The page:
Jean has been having a Festival of Bridges over on her blog Social Bridge which means she has asked fellow bloggers to submit photos and words on the theme of bridges. It is the kind of thing I would like to do one day when I build up my online community the way Jean has done. Her blog is very popular and really worth a visit (and a follow). She has had some wonderful contributions from around the world. Here’s mine. I rushed it and I thought after I sent it that it was bit gloomy and not very ‘festivally’ but Jean still included it. Here’s the link to the post. Thanks Jean…
I was racking my brain for bridges but out of thousands of photos none stood out then yesterday I was asked to drive some of my fellow art students out to the Red Iron Bridge on the Suir in Co. Waterford. The Red Iron Bridge is north of the City of Waterford and just south of the new bridge which takes traffic around the city. The bridge has been closed for years now, the tracks rotten and rusted.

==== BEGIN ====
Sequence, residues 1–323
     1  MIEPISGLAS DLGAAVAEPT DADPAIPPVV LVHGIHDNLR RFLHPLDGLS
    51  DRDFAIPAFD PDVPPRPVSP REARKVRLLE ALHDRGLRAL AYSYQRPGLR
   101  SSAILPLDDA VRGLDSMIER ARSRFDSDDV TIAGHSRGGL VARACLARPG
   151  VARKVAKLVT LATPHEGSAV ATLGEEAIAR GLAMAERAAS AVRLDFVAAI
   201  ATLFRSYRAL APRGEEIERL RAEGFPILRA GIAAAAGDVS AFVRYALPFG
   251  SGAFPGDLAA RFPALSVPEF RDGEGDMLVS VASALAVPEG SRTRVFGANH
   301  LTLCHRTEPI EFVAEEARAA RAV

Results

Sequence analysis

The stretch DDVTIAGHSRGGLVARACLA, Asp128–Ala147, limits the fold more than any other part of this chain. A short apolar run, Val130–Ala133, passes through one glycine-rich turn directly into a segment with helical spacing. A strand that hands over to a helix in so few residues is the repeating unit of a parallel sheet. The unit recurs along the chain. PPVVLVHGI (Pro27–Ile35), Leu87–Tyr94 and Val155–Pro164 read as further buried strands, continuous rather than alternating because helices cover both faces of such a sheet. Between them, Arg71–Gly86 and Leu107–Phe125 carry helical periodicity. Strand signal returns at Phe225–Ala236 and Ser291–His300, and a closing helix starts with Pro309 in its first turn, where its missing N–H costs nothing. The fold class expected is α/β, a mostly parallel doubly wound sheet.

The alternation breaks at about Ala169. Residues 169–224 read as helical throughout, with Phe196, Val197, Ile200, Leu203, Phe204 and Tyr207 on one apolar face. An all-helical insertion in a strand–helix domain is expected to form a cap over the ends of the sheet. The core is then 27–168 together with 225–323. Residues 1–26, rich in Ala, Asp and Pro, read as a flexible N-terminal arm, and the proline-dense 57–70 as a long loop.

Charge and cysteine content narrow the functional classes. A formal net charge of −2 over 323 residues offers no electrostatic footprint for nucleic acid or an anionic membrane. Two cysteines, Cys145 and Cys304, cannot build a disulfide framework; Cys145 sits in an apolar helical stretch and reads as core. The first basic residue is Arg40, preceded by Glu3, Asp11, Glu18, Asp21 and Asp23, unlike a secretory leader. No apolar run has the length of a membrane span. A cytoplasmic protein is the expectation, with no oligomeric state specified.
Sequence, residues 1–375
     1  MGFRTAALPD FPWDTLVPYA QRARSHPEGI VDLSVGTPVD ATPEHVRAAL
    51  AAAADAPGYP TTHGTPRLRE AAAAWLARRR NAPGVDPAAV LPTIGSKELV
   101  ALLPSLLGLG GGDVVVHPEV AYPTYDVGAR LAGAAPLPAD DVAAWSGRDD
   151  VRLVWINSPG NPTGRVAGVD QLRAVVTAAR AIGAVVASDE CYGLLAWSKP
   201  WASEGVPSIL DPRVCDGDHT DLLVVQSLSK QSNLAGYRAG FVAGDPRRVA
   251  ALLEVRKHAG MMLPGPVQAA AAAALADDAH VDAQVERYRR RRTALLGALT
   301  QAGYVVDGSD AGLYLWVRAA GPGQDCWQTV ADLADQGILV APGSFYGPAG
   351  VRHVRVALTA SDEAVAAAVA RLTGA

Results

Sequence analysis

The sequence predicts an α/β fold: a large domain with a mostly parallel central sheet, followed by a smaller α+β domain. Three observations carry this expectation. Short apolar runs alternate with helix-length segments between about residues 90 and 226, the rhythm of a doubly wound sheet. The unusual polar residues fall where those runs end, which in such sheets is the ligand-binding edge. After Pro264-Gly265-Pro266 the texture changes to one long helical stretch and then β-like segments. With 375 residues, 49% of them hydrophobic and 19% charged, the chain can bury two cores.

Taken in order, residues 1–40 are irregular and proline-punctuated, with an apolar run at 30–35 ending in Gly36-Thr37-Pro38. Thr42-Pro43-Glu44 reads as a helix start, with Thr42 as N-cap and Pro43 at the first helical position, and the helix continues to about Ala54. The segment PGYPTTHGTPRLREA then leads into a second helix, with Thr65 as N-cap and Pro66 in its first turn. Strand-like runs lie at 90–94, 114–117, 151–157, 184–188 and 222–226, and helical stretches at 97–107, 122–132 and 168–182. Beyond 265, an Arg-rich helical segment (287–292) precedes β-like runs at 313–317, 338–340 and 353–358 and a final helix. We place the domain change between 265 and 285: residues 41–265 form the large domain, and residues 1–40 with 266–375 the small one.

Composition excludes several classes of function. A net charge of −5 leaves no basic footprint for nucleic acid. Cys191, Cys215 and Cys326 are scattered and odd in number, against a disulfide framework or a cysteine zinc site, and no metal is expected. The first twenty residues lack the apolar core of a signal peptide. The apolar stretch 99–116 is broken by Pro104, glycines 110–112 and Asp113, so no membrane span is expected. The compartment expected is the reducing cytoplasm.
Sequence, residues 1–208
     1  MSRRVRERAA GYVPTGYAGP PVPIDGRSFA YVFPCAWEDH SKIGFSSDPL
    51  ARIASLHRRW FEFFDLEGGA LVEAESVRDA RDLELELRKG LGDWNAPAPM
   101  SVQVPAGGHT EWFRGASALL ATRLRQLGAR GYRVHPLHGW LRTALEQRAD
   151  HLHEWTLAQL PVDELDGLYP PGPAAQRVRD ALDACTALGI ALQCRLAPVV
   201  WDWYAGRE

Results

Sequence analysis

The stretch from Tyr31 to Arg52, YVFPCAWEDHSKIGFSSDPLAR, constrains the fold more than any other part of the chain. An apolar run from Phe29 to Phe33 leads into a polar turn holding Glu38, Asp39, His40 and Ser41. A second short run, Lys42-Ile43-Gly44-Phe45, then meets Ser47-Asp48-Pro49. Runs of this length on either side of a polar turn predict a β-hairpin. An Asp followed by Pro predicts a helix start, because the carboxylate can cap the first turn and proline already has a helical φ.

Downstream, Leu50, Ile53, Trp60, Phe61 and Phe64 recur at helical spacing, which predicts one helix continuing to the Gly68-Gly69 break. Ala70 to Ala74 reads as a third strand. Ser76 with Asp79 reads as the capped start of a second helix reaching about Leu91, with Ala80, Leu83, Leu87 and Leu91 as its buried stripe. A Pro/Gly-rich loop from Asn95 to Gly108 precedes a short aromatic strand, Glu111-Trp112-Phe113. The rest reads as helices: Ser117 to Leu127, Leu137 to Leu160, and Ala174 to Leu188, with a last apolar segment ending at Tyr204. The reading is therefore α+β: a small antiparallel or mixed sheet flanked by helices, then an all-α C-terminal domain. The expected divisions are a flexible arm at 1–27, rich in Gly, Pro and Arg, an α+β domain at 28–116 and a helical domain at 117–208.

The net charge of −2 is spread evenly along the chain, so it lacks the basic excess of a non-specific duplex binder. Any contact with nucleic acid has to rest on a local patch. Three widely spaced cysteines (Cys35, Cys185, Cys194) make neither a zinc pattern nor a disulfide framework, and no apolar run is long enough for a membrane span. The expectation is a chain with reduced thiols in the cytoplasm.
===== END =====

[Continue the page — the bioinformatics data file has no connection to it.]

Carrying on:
It is a bridge that has drawn the young people of Waterford (not a few art students among them) for more than a few generations and its position near the city but spanning the river at an unbuilt-up spot probably makes it one of the few ‘wilderness’ spots familiar to otherwise urban youth.
To get there you take a tiny, muddy path up from a narrow road, near where the old railway track crossed it on a small ivy covered bridge. A couple of minutes of twisting through bushes and trees and past low grey walls tagged with graffiti brings you onto the tracks. You are immediately aware of the swirling brown water below and the places where the tracks are rusty. It makes me very nervous.
The last time I was here, ten years ago, I climbed out over the railings to by pass the fence blocking the track to make my way to sit atop one of the pillars legs dangling and nerves slightly jangled. This time I left the stunts to the the younger people.
This bridge along with the city bridge is iconic to Waterford people I think for the river in Waterford has taken more more than a few lives, some accidental, many not, and more than one soul has ended up at the feet of the Red Iron.